Indeed, according to reports, they exhibited a distinct reluctance to engage in discussions regarding cryptocurrency and were resolutely unwilling to provide any official commentary.

While financial advisors are bound by regulations that may prohibit them from discussing or investing their clients’ funds in bitcoin, the chorus of client requests will eventually become too deafening and too valuable to pass up, and the proverbial dam will break.

Remember that many of these advisers are from the same firms that previously asserted approval for a bitcoin ETF was unlikely.

The advisers’ reluctance today can be attributed to regulatory obligations such as the know your client rule, which requires a comprehensive understanding of both the product and the client before making any recommendations. Some advisers will seek to express expertise and experience by dismissing the whole thing as a fad. But if the boom continues and the price of bitcoin rises, eventually, the currently reluctant advisers will fold.

Blackrock’s bitcoin ETF raised a billion U.S. dollars in one week. Other advisers will eventually challenge their employers’ reticence and demand that they earn brokerage income from trading these bitcoin ETFs.

In any case, these ETFs could be poised to become part of the alternative investment landscape. Advisers will begin by familiarising themselves and their investors with the digital asset, with the initial aim of encouraging a modest allocation. As that activity pushes bitcoin prices higher, advisors may find it increasingly challenging to evade client inquiries about cryptocurrencies in the future.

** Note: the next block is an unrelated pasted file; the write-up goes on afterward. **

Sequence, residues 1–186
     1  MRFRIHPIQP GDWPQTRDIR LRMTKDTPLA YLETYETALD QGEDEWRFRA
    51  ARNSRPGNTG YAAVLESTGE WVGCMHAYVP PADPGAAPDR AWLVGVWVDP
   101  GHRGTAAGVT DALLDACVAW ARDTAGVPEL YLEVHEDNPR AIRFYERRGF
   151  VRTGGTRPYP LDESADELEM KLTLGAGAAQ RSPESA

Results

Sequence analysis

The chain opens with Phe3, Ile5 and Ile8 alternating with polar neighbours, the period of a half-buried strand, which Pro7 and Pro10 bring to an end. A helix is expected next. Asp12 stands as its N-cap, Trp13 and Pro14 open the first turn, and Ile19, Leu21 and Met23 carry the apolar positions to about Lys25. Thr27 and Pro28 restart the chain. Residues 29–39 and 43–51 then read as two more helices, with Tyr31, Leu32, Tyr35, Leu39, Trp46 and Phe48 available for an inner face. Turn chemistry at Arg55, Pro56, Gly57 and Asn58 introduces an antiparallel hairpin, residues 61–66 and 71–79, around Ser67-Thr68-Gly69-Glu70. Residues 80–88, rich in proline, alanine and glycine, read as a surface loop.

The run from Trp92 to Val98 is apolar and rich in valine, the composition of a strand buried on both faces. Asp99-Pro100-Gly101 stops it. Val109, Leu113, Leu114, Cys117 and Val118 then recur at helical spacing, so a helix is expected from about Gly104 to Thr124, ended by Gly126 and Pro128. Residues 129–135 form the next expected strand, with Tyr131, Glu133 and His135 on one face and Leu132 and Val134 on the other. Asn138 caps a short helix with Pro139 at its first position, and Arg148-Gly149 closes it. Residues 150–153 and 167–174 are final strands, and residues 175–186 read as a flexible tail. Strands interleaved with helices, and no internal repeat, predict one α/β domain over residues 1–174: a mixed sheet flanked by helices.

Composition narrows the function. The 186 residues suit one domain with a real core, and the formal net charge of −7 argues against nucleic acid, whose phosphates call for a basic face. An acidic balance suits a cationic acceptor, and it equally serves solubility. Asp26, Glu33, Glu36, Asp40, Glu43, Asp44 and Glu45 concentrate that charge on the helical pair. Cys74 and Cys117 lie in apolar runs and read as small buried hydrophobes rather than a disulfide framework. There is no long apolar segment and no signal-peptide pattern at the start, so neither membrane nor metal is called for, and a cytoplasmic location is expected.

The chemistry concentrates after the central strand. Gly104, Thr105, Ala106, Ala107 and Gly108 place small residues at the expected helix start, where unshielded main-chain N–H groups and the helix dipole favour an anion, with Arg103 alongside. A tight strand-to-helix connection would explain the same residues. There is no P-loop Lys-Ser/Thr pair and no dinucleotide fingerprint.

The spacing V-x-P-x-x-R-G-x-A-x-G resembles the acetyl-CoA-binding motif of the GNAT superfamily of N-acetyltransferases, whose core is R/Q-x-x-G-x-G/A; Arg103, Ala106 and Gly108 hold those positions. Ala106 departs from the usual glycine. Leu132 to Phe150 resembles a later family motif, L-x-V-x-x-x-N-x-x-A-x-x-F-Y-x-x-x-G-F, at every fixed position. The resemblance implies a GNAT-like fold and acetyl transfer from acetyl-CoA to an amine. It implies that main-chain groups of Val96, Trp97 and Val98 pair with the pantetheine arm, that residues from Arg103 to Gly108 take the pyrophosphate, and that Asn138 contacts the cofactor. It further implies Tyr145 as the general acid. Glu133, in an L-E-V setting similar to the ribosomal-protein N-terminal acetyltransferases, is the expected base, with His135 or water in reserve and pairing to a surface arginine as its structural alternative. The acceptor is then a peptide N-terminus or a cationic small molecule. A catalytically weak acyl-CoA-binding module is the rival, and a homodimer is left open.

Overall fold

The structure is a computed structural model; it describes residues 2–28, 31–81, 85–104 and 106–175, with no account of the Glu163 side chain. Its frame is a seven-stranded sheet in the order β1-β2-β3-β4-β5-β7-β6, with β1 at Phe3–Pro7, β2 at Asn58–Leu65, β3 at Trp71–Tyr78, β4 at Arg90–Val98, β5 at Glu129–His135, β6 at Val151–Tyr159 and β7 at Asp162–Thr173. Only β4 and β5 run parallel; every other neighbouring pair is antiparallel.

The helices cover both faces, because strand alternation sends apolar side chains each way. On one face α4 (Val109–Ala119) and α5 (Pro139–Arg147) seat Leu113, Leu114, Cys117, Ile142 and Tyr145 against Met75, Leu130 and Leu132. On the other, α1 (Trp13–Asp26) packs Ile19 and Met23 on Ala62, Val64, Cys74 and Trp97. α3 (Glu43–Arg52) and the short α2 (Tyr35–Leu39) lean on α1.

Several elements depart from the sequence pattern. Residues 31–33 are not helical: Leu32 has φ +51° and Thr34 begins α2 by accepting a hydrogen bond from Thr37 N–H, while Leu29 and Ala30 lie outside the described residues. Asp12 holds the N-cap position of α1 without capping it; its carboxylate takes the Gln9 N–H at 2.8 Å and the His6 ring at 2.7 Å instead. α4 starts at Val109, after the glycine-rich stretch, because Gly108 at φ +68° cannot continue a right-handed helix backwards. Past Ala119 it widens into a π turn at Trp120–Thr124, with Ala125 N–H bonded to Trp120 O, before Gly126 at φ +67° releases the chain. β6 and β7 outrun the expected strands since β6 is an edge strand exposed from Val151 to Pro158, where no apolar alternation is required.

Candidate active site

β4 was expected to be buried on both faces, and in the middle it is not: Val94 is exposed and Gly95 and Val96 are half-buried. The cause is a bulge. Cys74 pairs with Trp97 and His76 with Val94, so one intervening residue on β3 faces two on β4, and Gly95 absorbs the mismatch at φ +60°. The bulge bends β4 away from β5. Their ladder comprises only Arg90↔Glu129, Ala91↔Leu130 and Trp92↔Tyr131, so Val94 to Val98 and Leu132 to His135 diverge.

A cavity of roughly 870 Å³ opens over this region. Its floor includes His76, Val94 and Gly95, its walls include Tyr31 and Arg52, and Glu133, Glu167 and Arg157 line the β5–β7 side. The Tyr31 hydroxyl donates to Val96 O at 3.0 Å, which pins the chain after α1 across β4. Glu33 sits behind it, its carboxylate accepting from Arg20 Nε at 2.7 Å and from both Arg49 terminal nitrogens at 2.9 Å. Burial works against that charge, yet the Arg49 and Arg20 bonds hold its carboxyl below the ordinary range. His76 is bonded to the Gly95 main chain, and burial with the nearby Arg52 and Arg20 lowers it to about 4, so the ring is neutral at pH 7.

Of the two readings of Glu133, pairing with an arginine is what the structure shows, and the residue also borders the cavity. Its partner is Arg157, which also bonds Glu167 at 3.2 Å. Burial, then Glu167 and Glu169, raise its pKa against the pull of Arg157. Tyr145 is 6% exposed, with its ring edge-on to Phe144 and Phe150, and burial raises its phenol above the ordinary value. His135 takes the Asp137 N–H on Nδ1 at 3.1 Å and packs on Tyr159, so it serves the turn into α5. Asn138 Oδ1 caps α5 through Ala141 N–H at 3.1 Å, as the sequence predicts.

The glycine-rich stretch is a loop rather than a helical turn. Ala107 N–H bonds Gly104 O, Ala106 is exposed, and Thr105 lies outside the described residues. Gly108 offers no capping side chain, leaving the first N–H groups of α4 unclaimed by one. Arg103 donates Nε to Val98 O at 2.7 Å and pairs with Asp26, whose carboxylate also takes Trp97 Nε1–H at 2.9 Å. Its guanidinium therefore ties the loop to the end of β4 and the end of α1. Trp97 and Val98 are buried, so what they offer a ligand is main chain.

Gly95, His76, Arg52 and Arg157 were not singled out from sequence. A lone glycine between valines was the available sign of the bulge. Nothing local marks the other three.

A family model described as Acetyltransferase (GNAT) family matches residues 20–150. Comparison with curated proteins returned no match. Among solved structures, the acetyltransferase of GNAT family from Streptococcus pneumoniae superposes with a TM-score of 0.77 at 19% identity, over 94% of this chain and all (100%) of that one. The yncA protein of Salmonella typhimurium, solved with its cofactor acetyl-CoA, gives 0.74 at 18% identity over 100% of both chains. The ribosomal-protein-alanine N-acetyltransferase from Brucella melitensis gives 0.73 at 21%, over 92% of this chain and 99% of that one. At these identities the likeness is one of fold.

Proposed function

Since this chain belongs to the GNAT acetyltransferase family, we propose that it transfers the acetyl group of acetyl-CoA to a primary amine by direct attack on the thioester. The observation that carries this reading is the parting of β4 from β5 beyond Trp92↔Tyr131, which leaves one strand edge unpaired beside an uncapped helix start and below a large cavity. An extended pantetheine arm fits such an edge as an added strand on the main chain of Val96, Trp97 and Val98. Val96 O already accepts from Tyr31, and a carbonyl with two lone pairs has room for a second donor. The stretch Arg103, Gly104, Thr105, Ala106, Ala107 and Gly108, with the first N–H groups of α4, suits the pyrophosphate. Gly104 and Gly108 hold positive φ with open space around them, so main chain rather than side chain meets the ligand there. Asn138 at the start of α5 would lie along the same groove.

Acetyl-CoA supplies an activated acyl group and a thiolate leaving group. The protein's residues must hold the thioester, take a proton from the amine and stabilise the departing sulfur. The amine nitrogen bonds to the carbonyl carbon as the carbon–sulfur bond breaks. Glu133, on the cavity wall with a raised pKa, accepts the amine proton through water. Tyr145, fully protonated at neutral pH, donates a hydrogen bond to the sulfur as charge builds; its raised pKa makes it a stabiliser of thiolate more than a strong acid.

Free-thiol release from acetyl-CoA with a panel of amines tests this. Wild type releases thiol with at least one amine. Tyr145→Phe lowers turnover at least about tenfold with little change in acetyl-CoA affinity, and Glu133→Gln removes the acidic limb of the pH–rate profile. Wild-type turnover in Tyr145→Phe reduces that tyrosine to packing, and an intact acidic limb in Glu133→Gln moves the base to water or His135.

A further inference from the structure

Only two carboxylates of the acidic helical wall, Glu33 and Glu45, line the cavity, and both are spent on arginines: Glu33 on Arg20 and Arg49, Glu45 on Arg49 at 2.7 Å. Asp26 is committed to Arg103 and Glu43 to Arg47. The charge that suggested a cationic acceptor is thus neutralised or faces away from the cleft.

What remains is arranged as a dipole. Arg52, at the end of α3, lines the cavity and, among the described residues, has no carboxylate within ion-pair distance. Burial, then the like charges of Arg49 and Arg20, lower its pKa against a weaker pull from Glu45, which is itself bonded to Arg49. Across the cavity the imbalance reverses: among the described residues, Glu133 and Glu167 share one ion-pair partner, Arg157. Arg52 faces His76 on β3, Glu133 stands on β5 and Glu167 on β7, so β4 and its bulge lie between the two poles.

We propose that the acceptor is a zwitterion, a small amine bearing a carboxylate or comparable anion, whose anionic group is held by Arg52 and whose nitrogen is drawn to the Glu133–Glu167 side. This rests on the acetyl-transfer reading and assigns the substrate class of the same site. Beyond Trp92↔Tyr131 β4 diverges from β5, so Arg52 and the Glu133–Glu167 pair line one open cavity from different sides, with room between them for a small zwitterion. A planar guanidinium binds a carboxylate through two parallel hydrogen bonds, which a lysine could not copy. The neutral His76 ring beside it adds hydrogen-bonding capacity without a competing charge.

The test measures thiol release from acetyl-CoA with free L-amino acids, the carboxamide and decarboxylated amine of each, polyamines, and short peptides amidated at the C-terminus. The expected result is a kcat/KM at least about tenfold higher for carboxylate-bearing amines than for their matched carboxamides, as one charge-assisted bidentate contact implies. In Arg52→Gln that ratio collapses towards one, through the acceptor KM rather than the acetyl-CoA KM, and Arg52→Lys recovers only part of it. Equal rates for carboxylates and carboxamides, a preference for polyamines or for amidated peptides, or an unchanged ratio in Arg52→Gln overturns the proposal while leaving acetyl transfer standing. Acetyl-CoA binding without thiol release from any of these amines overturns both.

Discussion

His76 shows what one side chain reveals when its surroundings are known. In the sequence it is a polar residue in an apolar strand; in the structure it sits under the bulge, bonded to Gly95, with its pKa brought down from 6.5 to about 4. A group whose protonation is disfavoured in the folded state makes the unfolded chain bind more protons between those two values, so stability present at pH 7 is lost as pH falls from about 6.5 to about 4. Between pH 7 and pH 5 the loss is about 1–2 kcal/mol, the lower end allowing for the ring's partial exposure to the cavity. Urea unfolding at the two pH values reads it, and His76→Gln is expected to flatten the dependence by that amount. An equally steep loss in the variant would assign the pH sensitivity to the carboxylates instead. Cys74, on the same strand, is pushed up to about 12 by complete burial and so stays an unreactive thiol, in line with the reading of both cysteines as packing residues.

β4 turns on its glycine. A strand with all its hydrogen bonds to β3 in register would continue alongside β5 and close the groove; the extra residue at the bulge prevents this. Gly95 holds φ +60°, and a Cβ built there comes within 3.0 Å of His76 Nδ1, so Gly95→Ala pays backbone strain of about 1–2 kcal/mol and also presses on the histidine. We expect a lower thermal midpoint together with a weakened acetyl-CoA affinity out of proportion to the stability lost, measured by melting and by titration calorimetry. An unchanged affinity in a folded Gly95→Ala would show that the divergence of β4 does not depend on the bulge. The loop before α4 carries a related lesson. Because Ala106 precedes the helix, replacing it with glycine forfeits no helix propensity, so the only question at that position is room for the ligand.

Remember, I am not saying there is a fundamental basis for the boom, but rising popularity is how all bubbles begin.


Roger Montgomery is the Founder and Chairman of Montgomery Investment Management. Roger has over three decades of experience in funds management and related activities, including equities analysis, equity and derivatives strategy, trading and stockbroking. Prior to establishing Montgomery, Roger held positions at Ord Minnett Jardine Fleming, BT (Australia) Limited and Merrill Lynch.

This post was contributed by a representative of Montgomery Investment Management Pty Limited (AFSL No. 354564). The principal purpose of this post is to provide factual information and not provide financial product advice. Additionally, the information provided is not intended to provide any recommendation or opinion about any financial product. Any commentary and statements of opinion however may contain general advice only that is prepared without taking into account your personal objectives, financial circumstances or needs. Because of this, before acting on any of the information provided, you should always consider its appropriateness in light of your personal objectives, financial circumstances and needs and should consider seeking independent advice from a financial advisor if necessary before making any decisions. This post specifically excludes personal advice.